Second video raises still more questions

In recent days, Soon-Shiong and NantHealth have also circulated another video, shot in a similar, glossy documentary style — and then, after questions from STAT, deleted it and re-posted it in edited form.

The video follows a Michigan patient, Ron Diehl, who has Ewing sarcoma, a rare form of cancer associated with the bone. He was running out of options when, nearly a decade ago, he tried the drug ganitumab as part of a clinical trial. He’s been getting monthly infusions ever since. Surrounded by his beaming children, Diehl says he’s gotten his life back thanks to the drug.

NantHealth’s Twitter account urged viewers to watch the video to learn about “the incredible work our team is accomplishing.”

What the video doesn’t mention: The drug in question came out of the labs of Amgen, a separate and far bigger biopharma company.

NantWorks, the umbrella organization over Soon-Shiong’s web of companies, licensed the drug from Amgen in 2015 — after Amgen gave up on it because it had failed in a late-stage trial against metastatic pancreatic cancer. Amgen halted that trial before it was completed, after concluding that the drug was not helping patients.

The drug, a monoclonal antibody, could still be shown to work against other types of cancer, of course, or perhaps it might work in combination with other therapies. That’s why Soon-Shiong’s team licensed it.

One of his companies, NantCell, is collaborating with Novartis on a 47-patient clinical trial testing ganitumab in combination with a small molecule. That trial is expected to wrap up this summer.

Plans are also in the works for a late-stage study, to be sponsored by the National Cancer Institute, testing the drug in patients newly diagnosed with Ewing sarcoma whose disease has spread to other parts of their body.

Over the weekend, the video featuring Diehl, too, was taken down. The version re-posted soon afterward cut out reference to the fact that he was taking ganitumab specifically. Gone, too, was the mention of Soon-Shiong’s team’s “incredible work.” Instead, the Twitter post urges viewers to “Watch Ron’s Inspirational Story Below!”

The banner headline on the video was changed, too, from “New solutions to solving cancer” to “The promise of immunotherapy.”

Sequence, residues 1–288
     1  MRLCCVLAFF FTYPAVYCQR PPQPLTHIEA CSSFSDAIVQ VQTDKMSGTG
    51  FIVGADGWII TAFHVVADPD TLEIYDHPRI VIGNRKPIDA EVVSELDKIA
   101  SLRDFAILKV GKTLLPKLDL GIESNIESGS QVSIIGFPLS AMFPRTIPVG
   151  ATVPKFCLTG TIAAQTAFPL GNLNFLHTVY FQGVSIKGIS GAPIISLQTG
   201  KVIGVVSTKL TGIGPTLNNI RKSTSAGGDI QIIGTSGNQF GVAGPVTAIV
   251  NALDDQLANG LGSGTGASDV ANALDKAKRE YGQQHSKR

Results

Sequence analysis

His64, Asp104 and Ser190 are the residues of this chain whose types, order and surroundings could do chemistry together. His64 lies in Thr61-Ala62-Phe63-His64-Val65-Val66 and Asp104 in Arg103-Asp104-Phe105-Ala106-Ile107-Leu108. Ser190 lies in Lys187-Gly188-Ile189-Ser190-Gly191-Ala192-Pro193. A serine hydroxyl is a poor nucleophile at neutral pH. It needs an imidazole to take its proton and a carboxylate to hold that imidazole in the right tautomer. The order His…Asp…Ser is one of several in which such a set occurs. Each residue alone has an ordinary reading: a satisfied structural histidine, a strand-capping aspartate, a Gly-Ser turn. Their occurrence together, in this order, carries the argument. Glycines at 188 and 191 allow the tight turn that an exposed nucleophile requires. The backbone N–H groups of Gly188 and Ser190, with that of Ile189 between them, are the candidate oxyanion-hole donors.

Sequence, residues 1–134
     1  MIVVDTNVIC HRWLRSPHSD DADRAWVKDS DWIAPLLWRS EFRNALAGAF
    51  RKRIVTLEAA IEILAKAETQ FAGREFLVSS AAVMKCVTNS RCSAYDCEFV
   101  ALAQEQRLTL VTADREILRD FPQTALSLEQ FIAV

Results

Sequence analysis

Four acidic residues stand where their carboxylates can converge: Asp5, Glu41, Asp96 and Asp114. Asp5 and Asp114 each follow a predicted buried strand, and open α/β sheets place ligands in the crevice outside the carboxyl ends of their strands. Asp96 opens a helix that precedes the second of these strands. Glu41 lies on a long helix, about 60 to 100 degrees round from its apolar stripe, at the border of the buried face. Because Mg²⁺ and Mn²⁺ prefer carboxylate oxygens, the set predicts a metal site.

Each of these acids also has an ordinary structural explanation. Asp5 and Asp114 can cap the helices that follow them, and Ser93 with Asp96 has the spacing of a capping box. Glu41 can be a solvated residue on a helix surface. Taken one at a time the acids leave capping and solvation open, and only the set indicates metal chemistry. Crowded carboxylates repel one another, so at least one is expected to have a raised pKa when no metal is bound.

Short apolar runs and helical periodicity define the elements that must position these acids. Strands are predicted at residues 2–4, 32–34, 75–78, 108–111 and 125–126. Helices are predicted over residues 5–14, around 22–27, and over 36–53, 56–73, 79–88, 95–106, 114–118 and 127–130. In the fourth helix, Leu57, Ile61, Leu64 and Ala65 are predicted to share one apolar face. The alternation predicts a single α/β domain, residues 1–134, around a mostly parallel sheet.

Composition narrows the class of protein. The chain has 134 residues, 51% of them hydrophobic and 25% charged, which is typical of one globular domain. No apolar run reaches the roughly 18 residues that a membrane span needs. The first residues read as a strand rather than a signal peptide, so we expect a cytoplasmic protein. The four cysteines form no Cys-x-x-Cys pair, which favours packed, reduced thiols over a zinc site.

The edited version fails to mention that the drug is still experimental, and has not been approved by the FDA.

‘Naysayers, skeptics, and doubters’

The two videos were released as NantHealth went on a PR offensive following the STAT investigative reports.

On March 16, Soon-Shiong and NantHealth put out a press release accusing STAT of “false and misleading” coverage of his business, research, and philanthropic ventures. The two lengthy open letters that accompany the press release repeatedly misrepresent the content of the two STAT articles. Managing Editor Stephanie Simon responded in detail in a letter to the company.

STAT stands by its stories.

In the days since, Soon-Shiong and NantHealth have been busy on social media.

Soon-Shiong has tweeted a series of aphorisms underscoring his determination to forge ahead despite adversity: “Nothing worth having comes easy,” read one tweet. “Life begins at the end of your comfort zone,” read another. And: “There is no elevator to success. You have to take the stairs!”

Soon-Shiong also circulated an infographic boasting that NantHealth touches 100 million lives nationwide. If that’s true, it would represent nearly a third of the US population. “Our company,” he tweeted, “is having tremendous impact.”

  • There have been cures for cancer for decades. However, the pharmaceutical money lust, has been stopping it. I would type out the known cures, but what for, it will just be a tip to the pharmaceutical police force. I worked as an Intensive Care Critical Care physician for years. I got into cancer, My mind is such that I sought cures and found them, for 5 years I worked in integrative cancer therapy, and did a number of studies. One study took 384 patients with stage 4 cancers and in 8 weeks 80% WERE IN complete remission.
    Cancer is a systemic illness. It does not go away.

    If one wants to learn about cures, go to the office of the Cancer Control Society out of Hollywood, California. They keep research on all Both
    conventional and integrative.

    Also, though Virgina Livingston Wheeler has been bad mouthed so much, and she has been dead since 1991, thus she cannot defend herself, however, if one actually reads her scientific papers, there are over 40, the statistics is top, the correlation is top, she did great research and she proved her point. Yes
    out spoken women can be a problem, especially when they are correct.